This Sam Smith kijana is, apparently, quite the revelation, touted as the next great British soul singer.  I know, they say this about some newbie every year, but at least this boy can sing.  I'm not sure he can sing like a soul singer, but he can sing.  Now ordinarily I'd have waited a couple of years before listening to him, figuring if he's as good as they say, he'll be better with a couple of albums under his belt.  Come to think of it, does he have a full album?  Issues.  Point is, pre-twitter, I would have been blissfully ignorant in my 'slow on the uptake' cocoon.  But nooooo...  Idiots feel the need to throw him at me all the damn time.  And why, you ask, don’t I simply ignore them?  Because an OCD idiot like me must click every link she sees, dammit.  After the first listen, I moved on, secure in the knowledge that he is not my cup of tea.  Then the fellow did a cover of Whitney.  My Whitney.  Good God man, why?


This is why I talk about understanding the music.  That the boy can sing is not in question, he has a beautiful voice.  That he can sing soul...well...no.  The original 'How Will I Know' is a funky piece of music, and fun.  Whitney's telling us about this boy she knows...

...he's the one I dream of
Looks into my eyes, takes me to the clouds above

Ooh, I lose control, can't seem to get enough
When I wake from dreaming, tell me is it really love...

Now you read that and you think, 'Woiyee...she sounds like she's pining for this guy,' but then you listen and you realise it's not a sad love song, it's a happy clappy ode to new love, triumphant even.  It's not a 'sitting in a puddle of tears' song, it's a 'I met a new boy, woohoo!' song.  That's why she's dancing, yes?


Oh, wake me, I'm shaking, wish I had you near me now
Said there's no mistaking what I feel is really love

Ooh how will I know?
(Don't trust your feelings)
How will I know?

How will I know?
(Love can be deceiving)
How will I know?

It's the giddy feeling you get when you may or may not be falling for someone.  That strange place between paralysing fear and the urge to shag them as soon as possible.  It's nervous excitement, in song.  Then some barely out of his teens, melancholic twat comes along and turns it into a bloody dirge.  Say it with me...NKT!  This here is a classic example of a shit cover version, all croon and no substance.  Slight detour, I have to point out that my dislike for the man was recently cemented by a most disturbing cover he did of Tracy Chapman.  He somehow managed to turn 'Fast Car' into a generic (read, crap) pop ballad.  That, my people, takes significant skill, but that's a discussion for the day Ms Chapman finally makes it onto my playlist, just as soon as I make good on a bet I lost to a certain young man who I suspect may have tricked me (he took advantage of my geriatric memory).  Detour over.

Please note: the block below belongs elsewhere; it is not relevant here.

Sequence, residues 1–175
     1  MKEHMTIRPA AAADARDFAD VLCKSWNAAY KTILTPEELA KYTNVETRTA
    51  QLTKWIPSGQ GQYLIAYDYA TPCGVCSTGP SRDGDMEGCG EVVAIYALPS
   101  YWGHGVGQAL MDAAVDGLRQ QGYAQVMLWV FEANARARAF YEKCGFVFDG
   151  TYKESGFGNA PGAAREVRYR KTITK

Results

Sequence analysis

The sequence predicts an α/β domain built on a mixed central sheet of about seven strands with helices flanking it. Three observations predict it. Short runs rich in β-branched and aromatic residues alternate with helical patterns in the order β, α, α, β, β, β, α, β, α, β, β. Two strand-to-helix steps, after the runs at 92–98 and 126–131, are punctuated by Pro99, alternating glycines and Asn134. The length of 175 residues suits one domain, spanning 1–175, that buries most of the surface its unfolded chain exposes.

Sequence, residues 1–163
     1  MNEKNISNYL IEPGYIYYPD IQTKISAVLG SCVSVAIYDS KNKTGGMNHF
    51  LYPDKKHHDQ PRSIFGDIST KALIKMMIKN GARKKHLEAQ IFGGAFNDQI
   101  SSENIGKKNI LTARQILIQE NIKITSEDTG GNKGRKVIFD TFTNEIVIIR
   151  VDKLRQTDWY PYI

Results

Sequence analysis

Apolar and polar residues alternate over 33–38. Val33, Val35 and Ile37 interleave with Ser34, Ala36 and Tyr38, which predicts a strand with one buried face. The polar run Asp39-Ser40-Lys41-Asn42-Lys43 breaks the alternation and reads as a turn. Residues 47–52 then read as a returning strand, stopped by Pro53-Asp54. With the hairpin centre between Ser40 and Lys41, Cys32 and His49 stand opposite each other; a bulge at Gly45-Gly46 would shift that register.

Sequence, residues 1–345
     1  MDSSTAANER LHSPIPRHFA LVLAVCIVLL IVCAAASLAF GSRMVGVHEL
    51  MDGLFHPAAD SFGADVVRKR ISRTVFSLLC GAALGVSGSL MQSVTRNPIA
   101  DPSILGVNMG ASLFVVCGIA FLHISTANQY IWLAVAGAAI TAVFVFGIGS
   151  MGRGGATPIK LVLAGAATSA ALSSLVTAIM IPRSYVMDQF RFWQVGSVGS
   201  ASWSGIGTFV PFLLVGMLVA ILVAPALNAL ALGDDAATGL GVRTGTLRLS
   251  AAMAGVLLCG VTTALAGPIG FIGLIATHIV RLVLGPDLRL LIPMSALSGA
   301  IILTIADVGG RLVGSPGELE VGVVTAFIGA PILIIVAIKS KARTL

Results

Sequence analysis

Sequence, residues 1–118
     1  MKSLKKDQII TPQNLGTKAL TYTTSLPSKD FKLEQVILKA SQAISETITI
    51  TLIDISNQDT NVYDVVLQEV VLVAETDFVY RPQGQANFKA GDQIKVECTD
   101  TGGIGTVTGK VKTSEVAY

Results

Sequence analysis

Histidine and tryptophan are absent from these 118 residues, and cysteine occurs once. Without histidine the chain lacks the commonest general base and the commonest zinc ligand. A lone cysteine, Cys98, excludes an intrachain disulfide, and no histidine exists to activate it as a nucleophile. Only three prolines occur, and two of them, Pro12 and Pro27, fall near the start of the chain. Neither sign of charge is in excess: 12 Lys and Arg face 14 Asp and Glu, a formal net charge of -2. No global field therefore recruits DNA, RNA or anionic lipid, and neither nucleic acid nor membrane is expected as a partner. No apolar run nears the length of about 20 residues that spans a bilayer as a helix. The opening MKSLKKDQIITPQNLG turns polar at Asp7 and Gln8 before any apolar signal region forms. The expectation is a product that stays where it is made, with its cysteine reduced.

The point to this long and rambling music appreciation class?  Some things are best left untouched, original, until the person who truly understands it comes along.  I know, it's tempting to take something old and 'boring' and put your stamp of shiny newness upon it, but in doing so you run the risk of destroying the very essence of the thing.  As strange as this sounds, I'm talking about love, and relationships.

Every so often I meet a new man who is looking to completely transform my life, and me in it, into a more brilliant version of it/myself.  He rides in on his white stallion, my gallant knight in shining armour, here to save me from my lonely (read, pathetic) existence.  He takes my happy go lucky dance-ish jam of a soundtrack, and somehow manages to turn it into another sad love song.  That's the only way he can rescue me, see?  For the man to be needed, I have to be unhappy, searching, needing a man to...say it with me...complete me.  What this idiot saviour doesn’t realise, however, is some women, or possibly just me, are not particularly drawn to the idea of being sad and pathetic, and telling them they are doesn’t really do much for the flames of attraction the man seeks to fan.  More to the point, you cannot waltz in and transform her life like she's an old record in need of a makeover, not before you learn to appreciate the original brilliance.  It could be that her funky swagger is in fact a not so funky story, but that's no reason to turn it into a depressing funk, Mr bloody Smith, and just so you can feel better about yourself.  

I'm looking for someone to hear my song, and understand it, before he does a new version, a version that includes him and me. That's what it's all about, this new song, inserting yourself into somebody else (you can take that literally, if you so desire).  Rather than impose your dodgy interpretation onto this song, and in the process fucking the poor song up for years to come, perhaps just...don’t.

Rule number one of covers, don’t make the song worse.